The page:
A spotlight illuminates the icon of the apostle John discovered with other paintings in the St Tecla catacomb in Rome. Photograph: Pier Paolo Cito/AP
Archaeologists exploring a Christian catacomb under a residential Roman street have unearthed the earliest known images of the apostles Andrew and John.
Using a newly developed laser to burn away centuries of calcium deposits without damaging the paintings beneath, the team found the late 4th-century images in the richly decorated tomb of a Roman noblewoman.
“John’s young face is familiar, but this is the most youthful portrayal of Andrew ever seen, very different from the old man with grey hair and wrinkles we know from medieval painting,” said project leader Barbara Mazzei.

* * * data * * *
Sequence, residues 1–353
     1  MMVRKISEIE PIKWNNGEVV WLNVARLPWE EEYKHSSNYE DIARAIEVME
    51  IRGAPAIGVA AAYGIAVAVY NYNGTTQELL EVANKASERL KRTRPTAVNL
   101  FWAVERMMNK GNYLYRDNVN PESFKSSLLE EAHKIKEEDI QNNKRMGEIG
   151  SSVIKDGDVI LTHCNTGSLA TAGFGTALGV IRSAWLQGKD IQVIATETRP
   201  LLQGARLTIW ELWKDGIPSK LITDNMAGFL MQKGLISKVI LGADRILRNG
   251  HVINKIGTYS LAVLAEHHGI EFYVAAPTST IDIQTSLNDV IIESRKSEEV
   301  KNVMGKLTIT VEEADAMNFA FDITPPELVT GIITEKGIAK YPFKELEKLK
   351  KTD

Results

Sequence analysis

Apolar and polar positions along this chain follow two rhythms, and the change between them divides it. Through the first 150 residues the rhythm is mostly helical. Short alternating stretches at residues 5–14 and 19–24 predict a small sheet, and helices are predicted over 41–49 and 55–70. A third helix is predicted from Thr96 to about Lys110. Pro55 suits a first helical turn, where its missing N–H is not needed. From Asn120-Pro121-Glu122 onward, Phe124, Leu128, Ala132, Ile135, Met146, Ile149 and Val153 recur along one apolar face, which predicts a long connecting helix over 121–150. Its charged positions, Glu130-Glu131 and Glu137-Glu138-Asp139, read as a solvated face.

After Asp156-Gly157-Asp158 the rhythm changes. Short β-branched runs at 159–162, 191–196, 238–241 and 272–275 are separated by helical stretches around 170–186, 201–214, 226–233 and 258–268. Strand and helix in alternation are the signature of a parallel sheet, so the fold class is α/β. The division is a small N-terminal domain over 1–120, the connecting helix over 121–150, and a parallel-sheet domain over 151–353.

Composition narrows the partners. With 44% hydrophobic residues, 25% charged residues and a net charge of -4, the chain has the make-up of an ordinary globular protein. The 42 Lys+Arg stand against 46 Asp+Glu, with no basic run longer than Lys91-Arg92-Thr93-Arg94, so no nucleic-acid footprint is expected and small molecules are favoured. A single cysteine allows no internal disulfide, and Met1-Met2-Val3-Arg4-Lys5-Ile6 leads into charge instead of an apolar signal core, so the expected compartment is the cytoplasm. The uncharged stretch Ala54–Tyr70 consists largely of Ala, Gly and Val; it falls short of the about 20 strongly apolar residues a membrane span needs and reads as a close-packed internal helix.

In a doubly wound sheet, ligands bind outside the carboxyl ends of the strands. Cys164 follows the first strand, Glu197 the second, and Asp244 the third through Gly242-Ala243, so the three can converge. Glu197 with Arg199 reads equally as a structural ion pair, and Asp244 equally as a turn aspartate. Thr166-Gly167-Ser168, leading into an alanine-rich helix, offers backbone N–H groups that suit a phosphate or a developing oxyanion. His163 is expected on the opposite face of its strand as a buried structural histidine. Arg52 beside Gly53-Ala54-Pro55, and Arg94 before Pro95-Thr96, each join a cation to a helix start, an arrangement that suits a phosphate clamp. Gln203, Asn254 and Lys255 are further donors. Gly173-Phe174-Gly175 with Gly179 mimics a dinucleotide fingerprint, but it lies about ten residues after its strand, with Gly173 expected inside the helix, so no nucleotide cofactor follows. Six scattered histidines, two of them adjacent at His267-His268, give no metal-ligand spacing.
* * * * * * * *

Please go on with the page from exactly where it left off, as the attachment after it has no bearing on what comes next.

Discovered in the 1950s and as yet unseen by the public, the St Tecla catacomb is accessed through the unmarked basement door of a drab office building, beyond which dim corridors packed with burial spots wind off through damp tufa stone.
The catacomb is close to the basilica of St Paul’s Outside the Walls, where bones discovered in a sarcophagus have been dated to the first or second century and attributed to St Paul.